Turkey to pay penalty over prison operation
This file photo shows judges of the European Court of Human Rights (ECHR). AFP PhotoThe European Court of Human Rights (ECHR) has fined Turkey a total of 36,200 euros for an operation in a prison in the western province of Çanakkale in 2000, in which a gendarmerie and four prisoners died.
The 20 applicants, all women, complained of having been injured during the operation, and alleged that the use of force had been excessive and disproportionate. They referred in particular to Article 3 of the European Convention of Human Rights, which prohibits inhuman or degrading treatment.
The court decided that Article 3 had been procedurally violated in cases of the applicants Leyla Alp, Süreyya Bulut, Elif Yaş, Filiz Uyan and Gülay İncesu. The court also concluded that Article 2, related to the right to life, was procedurally violated in respect to another applicant, Meral Kıdır.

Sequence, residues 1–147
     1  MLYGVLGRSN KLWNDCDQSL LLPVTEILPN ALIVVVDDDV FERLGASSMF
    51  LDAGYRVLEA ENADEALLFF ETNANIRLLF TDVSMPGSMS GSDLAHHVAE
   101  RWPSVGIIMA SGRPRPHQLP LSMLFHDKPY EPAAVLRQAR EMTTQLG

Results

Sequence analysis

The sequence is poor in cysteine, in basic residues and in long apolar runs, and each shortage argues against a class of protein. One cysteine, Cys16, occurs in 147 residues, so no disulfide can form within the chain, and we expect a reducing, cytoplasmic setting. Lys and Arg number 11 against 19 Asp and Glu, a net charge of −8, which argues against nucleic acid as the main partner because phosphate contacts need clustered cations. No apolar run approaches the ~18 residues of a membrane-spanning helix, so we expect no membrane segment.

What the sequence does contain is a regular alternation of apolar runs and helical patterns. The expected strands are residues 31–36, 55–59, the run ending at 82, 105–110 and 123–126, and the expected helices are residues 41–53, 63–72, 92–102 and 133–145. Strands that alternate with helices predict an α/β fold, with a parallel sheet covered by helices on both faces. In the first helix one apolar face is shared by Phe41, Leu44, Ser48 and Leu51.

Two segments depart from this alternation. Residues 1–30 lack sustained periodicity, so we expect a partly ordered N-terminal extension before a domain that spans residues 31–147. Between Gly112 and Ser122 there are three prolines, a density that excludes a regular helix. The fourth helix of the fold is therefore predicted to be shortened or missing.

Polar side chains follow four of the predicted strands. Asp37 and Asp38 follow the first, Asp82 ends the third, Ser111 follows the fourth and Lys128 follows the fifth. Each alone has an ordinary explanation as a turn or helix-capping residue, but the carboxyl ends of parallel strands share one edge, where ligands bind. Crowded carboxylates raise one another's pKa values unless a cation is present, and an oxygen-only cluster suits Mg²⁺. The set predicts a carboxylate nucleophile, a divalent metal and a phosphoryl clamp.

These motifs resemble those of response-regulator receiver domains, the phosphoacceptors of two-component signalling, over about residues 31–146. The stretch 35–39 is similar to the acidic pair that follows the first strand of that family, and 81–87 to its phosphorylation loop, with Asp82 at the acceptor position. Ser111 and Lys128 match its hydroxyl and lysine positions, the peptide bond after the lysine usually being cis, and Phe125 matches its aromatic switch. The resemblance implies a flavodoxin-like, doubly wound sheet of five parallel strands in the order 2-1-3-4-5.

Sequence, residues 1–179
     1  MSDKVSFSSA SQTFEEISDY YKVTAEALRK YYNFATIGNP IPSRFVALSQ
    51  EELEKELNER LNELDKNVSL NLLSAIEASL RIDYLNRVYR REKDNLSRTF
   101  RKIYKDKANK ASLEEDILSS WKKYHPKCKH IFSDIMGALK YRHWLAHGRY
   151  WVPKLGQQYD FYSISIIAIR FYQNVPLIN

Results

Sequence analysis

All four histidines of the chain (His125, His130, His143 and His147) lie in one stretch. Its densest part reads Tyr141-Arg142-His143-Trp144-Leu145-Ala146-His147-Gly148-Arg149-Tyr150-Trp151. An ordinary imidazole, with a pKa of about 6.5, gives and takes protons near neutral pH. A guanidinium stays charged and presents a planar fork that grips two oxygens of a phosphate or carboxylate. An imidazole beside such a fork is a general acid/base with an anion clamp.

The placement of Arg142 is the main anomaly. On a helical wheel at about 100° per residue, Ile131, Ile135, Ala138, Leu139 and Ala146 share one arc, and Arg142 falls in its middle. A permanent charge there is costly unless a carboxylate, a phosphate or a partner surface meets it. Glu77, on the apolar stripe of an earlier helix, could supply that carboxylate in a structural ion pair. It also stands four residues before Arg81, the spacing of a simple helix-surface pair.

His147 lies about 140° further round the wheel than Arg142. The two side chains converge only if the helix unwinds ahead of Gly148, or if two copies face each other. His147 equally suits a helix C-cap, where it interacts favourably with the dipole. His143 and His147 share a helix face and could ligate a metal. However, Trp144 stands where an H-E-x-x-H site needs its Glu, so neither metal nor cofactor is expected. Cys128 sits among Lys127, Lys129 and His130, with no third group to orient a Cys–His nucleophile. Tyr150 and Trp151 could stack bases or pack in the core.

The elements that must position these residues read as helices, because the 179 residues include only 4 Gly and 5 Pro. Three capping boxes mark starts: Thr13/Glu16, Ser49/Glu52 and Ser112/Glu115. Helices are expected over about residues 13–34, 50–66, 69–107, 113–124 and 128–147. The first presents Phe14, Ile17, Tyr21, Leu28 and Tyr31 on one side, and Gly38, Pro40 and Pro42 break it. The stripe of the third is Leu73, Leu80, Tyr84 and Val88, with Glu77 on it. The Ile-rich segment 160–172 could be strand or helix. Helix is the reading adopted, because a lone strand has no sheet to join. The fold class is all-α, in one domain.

The European court ruled that Turkey had to pay 8,000 euros to Meral Kıdır and 5,000 euros each to Leyla Alp, Süreyya Bulut, Elif Yaş, Filiz Uyan and Gülay İncesu for non-pecuniary damage, and 3,200 euros to these six applicants jointly for costs and expenses.
In 2000, the government’s efforts to replace dormitory systems with cells caused a wave of protests in prisons around the country. Inmates in several prisons started a hunger strike on Nov. 19 of the same year and barricaded themselves against forceful relocation.
A security operation, called “Hayata Dönüş” (Return to Life), was subsequently launched on Dec. 19, with the participation of close to 10,000 soldiers and police officers. In the operation, tens of prisoners and two soldiers died.
Meanwhile, the ECHR also fined Turkey 66,150 euros for the disappearance of a man allegedly apprehended by soldiers in the southeastern province of Hakkari in 1995.